The phone rang. I bounced up, but Glen came running in from the kitchen.

“Sorry, I’m late, Mrs. Sperling,” he gasped, sliding into his seat at the table. “Donna, it’s your brother on the phone.”

“Oh, shoot. He probably wants to know about his Niedeman.”

“You can assure him it’s real,” said Mrs. Sperling. “I had it verified. Now, Glen-”

“I’m sorry, but I met this totally bodacious babe. He’s, like, a total E-ticket.”

My E ticket smiled His fabulous smile and chuckled.

“Love comes before all. Right, Aunt Delilah?”

I didn’t hear what she said. I headed into the kitchen and the phone to do battle with the exact opposite of Phillip DuPre.

“When am I going to get my Niedeman back?” demanded Peter. “You said it’d be Tuesday at the latest, and it’s Wednesday.”

“I don’t know. My car’s broken down, and we’re real busy here.”

“And I’m supposed to hang while you get around to it?”

“Look, Mrs. Sperling went to a lot of trouble to get that print authenticated for you, and she’s not charging you anything, so you could at least be a little nicer.”

“Tell her I said thanks. When am I going to get it back?”

“Hang on.”

Grumbling, I turned toward the dining room.

“So, Phil, how did your auditions go today?” Glen’s voice floated into the kitchen.

I stopped.

“Pretty well,” Phillip DuPre said. “Saw a lot of good dancing. I made my point with Slick, finally. The creep begged me to do it because he ‘trusts’ me, then questioned everything. I told him either pipe down or I walk. But once he saw the dancers, he agreed with me.”

“Gonna be a tough choice?”

“Nope.”

“Come on. Who’re you casting?”

He laughed. “I’m not saying. Got a lot of hassles to get through, Slick’s gotta have his say, then the agents.”

I went in. “Um, Mrs. Sperling, I’ve got to figure out how to get my brother’s Niedeman to him. He’s having kittens.”

“Phillip, would you please drive Donna out this evening before you go to Emil’s?”

“I thought I was going,” I said, surprised.

“But…” He looked puzzled. “Aunt Delilah, you just asked me to go before dinner.”

“You’re both going,” said Mrs. Sperling. “There’s already been one incident. I don’t want another.”

“I told you I wouldn’t go alone,” I said. “I’ve got friends meeting me.”

“All the better,” said Mrs. Sperling. “There’s safety in numbers. Donna, where does your brother live?”

“In Pasadena.”

“Phillip, that wouldn’t put you out, would it?”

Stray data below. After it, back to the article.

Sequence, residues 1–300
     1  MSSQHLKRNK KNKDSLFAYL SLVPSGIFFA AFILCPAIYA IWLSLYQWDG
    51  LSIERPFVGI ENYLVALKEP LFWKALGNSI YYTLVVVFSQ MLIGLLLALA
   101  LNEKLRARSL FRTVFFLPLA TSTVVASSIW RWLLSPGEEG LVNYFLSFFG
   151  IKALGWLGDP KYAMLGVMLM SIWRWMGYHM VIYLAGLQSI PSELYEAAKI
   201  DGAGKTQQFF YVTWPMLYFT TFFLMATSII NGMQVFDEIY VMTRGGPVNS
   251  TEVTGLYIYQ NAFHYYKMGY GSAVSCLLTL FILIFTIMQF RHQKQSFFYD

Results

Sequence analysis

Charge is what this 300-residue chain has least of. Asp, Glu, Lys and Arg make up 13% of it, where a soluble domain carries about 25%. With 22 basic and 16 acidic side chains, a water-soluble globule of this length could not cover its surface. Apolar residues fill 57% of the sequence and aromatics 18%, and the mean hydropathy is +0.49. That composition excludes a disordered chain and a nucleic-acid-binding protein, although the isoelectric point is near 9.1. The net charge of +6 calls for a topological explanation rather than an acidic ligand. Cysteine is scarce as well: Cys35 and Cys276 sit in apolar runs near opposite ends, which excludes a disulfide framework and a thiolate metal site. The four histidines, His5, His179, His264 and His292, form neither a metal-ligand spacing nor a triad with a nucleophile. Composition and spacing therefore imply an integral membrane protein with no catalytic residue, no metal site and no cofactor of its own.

“Not at all,” He said quickly.

“I don’t want to impose,” I said.

“If you don’t want me to go to Emil’s, that’s okay,” He said.

“Donna, your brother is waiting,” said Mrs. Sperling. “Phillip will drive you out to Pasadena, then the two of you together will go to Emil’s, and meet your friends. End of the discussion.”

My heart was breaking. Only the ride out to Pasadena was pretty quiet. I tried to talk, but couldn’t think of anything to talk about except the auditions, which I didn’t want to talk about, and Stein’s death, which I didn’t want to talk about either. He seemed to be feeling pretty guilty about Hoffman’s death, so I decided not to bring that up. He wasn’t real talkative.

Peter had plenty to say. Fortunately, Elise wouldn’t let him say it.

“Who’s the babe?” she asked me as soon as Peter had Phillip DuPre fully engaged discussing Niedemans.

“A friend of my boss’s family,” I said, blushing.

He had just introduced Himself as Phil, so I didn’t think He wanted me advertising what He did for a living. Peter had given Him the once over and focused on the single diamond earring He wore and the leather bomber jacket. I called it style. Peter probably had other things on his mind, but Elise kept his trap shut for a change.

“Does she have any other friends like him?” asked Elise.

“You’re taken.”

“You’re not. Anything going on?”

“I wish. He won’t even talk to me. It’s not like he’s a jerk. He’s really nice, but I can’t seem to find anything to say to him.”

The guys came back at that point.

“Donna,” complained Peter. “You didn’t tell us your boss is a private eye. Mom is gonna have fits when she finds out.”

I glared at him. “She’ll have fits when she finds out you and Elise are living together already.”

“You bitch.”

“You wouldn’t,” gasped Elise.

“Peter will just have to see that I don’t have to. We’ve gotta get going.”

“Nice meeting you,” He said.

“Nice meeting you, Phil,” said Peter.

The ride back to Westwood was equally quiet. I wanted to yell at Him for telling Peter what Mrs. Sperling did with her time. I looked at Phillip DuPre and melted. Hell, how was He to know?

 

Anne Louise Bannon